Using the $C$% confidence interval for $\mu$ to perform right sided one sample $ z$ test: full explanation
If $\mu_0$ is not in the $C$% confidence interval and the sample mean is larger than $\mu_0$ (as expected), the sample mean is significantly larger than $\mu_0$ at significance level $\alpha = \frac{1 \, - \, C/100}{2}$
If $\mu_0$ is not in the $C$% confidence interval and the sample mean is larger than $\mu_0$, the sample mean is significantly larger than $\mu_0$ at significance level $\alpha = \frac{1 \, - \, C/100}{2}$. In order to understand why, we have to be aware of the following three points, which are illustrated in the figure above:
The lower bound of the $C$% confidence interval for $\mu$ is $\bar{y} - z^* \times \sigma/\sqrt{N}$, the upper bound is $\bar{y} + z^* \times \sigma/\sqrt{N}$. That is, we subtract $ z^* \times \sigma/\sqrt{N}$ from the sample mean, and we add $ z^* \times \sigma/\sqrt{N}$ to the sample mean. Here:
$\sigma/\sqrt{N}$ is the standard deviation of $\bar{y}$
the critical value $ z^*$ is the value under the $ z$ distribution with area $C / 100$ between $ -z^*$ and $ z^*$, and therefore area $\frac{1\,-\,C/100}{2}$ to the right of $ z^*$.
In the figure above, the red dots represent sample means, the blue arrows represent the distance $ z^* \times \sigma/\sqrt{N}$.
If we set the significance level $\alpha$ at $\frac{1 \, - \, C/100}{2}$, the critical value $ z^*$ used for the significance test is the value under the $ z$ distribution with area $\alpha = \frac{1\,-\,C/100}{2}$ to the right of $ z^*$. This is the same critical value $ z^*$ as the $ z^*$ used for the $C$% confidence interval. We reject the null hypothesis at $\alpha = \frac{1\,-\,C/100}{2}$ if the $ z$ value $ z = \frac{\bar{y} - \mu_0}{\sigma/\sqrt{N}}$ is at least as large as $ z^*$. This means that we reject the null hypothesis at $\alpha = \frac{1\,-\,C/100}{2}$ if sample mean $\bar{y}$ is at least $ z^* \times \sigma/\sqrt{N}$ above $\mu_0$. In the figure above, the rejection region for $\bar{y}$ is represented by the green area.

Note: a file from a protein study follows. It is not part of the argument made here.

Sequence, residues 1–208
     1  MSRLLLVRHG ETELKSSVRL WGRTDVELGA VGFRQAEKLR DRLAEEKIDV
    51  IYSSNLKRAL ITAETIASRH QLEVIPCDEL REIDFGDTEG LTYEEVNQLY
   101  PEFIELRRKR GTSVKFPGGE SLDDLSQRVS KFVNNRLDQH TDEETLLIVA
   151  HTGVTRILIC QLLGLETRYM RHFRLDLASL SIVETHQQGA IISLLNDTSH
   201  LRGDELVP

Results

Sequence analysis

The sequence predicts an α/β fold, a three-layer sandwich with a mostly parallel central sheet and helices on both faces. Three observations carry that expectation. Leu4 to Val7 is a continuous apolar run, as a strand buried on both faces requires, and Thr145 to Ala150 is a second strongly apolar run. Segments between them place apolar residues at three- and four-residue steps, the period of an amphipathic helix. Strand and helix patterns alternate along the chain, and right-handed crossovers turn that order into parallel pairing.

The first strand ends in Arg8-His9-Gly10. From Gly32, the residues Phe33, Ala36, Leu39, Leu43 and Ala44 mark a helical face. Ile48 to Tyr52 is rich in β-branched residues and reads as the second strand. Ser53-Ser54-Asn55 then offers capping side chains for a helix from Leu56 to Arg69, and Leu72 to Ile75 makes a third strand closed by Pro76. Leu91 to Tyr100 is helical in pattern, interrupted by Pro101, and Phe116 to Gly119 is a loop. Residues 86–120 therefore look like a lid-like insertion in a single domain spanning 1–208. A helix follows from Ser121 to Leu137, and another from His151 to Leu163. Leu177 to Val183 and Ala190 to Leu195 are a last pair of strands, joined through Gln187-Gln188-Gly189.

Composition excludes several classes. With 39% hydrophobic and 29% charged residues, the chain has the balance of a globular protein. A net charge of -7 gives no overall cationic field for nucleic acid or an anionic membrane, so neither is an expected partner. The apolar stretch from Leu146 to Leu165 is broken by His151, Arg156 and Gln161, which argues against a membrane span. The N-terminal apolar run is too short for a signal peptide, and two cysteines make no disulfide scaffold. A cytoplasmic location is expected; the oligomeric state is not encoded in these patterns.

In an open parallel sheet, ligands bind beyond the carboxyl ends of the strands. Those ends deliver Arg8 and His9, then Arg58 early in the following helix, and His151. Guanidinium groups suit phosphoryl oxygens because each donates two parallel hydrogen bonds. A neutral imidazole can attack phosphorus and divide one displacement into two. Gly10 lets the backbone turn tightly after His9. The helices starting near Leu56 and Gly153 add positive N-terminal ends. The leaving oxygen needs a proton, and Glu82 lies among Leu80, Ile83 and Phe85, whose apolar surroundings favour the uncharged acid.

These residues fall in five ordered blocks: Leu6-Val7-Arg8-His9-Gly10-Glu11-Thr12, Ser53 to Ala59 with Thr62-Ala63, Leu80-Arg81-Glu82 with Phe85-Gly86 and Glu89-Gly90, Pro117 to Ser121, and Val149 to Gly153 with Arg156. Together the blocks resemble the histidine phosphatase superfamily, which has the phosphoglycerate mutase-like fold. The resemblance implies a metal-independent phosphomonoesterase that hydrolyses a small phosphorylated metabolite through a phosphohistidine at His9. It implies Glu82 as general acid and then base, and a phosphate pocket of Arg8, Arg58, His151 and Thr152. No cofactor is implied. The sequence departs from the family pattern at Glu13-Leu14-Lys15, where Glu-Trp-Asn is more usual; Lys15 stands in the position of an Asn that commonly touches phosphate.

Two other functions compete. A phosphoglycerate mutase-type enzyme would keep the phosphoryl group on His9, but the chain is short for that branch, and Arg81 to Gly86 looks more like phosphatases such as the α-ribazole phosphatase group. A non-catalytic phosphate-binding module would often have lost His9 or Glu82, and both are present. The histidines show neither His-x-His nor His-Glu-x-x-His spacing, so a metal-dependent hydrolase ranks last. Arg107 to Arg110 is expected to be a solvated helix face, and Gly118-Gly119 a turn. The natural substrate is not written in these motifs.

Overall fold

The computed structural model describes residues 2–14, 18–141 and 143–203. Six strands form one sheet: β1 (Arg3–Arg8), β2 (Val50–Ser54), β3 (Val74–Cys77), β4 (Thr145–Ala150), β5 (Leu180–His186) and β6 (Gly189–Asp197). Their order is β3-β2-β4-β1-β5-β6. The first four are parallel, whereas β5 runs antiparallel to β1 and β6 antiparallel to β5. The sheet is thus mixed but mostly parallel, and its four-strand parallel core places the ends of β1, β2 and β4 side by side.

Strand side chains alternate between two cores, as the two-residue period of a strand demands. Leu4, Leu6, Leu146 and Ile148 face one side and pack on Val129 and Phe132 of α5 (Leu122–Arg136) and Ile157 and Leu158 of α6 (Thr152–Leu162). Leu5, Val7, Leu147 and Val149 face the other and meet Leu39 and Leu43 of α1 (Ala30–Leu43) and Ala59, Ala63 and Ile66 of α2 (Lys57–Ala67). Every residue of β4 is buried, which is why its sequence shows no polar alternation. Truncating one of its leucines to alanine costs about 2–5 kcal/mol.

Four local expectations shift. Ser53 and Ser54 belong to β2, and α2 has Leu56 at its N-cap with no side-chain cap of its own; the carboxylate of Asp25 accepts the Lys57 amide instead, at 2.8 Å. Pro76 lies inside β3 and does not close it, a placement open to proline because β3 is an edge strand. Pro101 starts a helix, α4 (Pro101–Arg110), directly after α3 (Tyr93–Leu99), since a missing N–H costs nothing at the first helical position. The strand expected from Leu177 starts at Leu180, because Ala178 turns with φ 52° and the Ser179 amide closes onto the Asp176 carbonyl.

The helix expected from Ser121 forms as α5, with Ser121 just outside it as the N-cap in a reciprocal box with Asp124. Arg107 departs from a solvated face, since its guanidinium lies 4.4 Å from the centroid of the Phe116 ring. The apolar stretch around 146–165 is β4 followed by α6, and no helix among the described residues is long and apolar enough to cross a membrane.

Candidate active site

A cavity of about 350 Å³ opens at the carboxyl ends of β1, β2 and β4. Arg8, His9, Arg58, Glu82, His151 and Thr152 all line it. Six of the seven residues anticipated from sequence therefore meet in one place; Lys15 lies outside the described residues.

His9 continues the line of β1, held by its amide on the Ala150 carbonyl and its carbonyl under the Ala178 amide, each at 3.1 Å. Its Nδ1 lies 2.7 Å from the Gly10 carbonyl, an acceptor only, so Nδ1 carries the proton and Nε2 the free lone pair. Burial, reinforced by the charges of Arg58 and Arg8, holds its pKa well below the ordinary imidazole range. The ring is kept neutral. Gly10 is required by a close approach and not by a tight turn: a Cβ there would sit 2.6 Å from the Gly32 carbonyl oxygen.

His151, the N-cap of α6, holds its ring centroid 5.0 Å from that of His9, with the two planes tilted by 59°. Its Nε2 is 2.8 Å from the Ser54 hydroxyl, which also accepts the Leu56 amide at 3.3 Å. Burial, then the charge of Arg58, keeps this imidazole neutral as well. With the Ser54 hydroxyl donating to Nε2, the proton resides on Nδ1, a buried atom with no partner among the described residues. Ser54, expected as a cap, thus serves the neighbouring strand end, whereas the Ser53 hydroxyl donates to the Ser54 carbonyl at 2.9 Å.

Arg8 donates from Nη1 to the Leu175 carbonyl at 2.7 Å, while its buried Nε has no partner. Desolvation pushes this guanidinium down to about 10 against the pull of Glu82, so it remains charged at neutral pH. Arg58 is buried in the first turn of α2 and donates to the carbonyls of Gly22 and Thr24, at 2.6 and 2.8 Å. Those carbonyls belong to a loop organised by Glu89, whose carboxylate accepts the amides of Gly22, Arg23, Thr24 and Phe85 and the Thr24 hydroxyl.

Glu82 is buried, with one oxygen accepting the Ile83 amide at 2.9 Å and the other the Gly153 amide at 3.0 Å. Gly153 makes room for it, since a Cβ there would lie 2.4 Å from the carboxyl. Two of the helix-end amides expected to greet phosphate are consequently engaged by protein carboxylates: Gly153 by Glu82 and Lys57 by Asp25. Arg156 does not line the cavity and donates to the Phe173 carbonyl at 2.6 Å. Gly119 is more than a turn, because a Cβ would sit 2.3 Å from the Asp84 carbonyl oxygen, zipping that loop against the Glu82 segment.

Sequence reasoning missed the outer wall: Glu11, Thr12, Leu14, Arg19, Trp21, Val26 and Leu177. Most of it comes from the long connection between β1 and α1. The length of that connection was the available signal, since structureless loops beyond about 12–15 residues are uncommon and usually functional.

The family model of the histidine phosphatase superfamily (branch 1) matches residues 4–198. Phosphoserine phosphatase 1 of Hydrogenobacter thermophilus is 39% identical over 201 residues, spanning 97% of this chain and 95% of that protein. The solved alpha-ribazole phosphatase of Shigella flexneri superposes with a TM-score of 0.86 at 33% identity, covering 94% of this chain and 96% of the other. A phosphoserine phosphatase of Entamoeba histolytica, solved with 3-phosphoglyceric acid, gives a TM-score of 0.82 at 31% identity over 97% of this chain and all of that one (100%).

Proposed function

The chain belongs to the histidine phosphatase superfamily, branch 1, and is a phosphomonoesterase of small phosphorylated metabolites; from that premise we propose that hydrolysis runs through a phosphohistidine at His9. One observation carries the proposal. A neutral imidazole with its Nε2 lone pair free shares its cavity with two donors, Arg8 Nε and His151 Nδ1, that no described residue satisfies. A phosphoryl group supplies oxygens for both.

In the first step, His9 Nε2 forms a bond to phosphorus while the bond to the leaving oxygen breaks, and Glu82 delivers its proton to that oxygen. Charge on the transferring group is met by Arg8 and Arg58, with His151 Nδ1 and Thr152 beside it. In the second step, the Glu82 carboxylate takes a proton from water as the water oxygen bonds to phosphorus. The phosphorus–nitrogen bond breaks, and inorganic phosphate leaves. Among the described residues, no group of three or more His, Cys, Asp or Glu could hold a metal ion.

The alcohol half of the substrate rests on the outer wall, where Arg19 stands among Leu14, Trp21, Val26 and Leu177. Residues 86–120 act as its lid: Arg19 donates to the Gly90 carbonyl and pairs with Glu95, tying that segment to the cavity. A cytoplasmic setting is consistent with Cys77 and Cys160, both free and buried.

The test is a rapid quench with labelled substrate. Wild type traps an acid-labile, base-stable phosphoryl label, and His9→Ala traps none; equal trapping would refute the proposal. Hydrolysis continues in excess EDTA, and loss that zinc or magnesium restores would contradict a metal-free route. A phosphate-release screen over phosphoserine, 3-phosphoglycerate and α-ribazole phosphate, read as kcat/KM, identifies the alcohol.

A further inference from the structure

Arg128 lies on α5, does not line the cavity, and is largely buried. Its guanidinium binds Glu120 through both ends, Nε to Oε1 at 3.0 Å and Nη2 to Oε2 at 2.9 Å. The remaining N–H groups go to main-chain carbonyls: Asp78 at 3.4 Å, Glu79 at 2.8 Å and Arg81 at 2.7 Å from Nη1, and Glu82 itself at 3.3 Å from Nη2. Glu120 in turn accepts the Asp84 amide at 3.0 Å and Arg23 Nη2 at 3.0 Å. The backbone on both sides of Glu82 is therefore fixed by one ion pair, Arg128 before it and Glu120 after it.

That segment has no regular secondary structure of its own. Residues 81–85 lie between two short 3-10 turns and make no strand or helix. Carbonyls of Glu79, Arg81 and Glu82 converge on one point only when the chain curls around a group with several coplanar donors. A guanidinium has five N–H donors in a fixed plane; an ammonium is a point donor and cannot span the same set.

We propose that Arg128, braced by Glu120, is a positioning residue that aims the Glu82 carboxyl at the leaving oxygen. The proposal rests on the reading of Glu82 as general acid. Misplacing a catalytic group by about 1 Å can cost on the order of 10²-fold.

If $\mu_0$ is not in the $C$% confidence interval [$\bar{y} - z^* \times \sigma/\sqrt{N} \,;\, \bar{y} + z^* \times \sigma/\sqrt{N}$] and the sample mean $\bar{y}$ is larger than $\mu_0$, then $\bar{y}$ must be at least $ z^* \times \sigma/\sqrt{N}$ above $\mu_0$. In the figure above, the first confidence interval does not contain $\mu_0$ and the sample mean is larger than $\mu_0$, so the sample mean must be at least $ z^* \times \sigma/\sqrt{N}$ above $\mu_0$. The second confidence interval does contain $\mu_0$, so the sample mean must be less than $ z^* \times \sigma/\sqrt{N}$ above $\mu_0$.
In sum, if $\mu_0$ is not in the $C$% confidence interval [$\bar{y} - z^* \times \sigma/\sqrt{N} \,;\, \bar{y} + z^* \times \sigma/\sqrt{N}$] and the the sample mean is larger than $\mu_0$, we know that the the sample mean is significantly larger than $\mu_0$ at significance level $\alpha = \frac{1 \, - \, C/100}{2}$.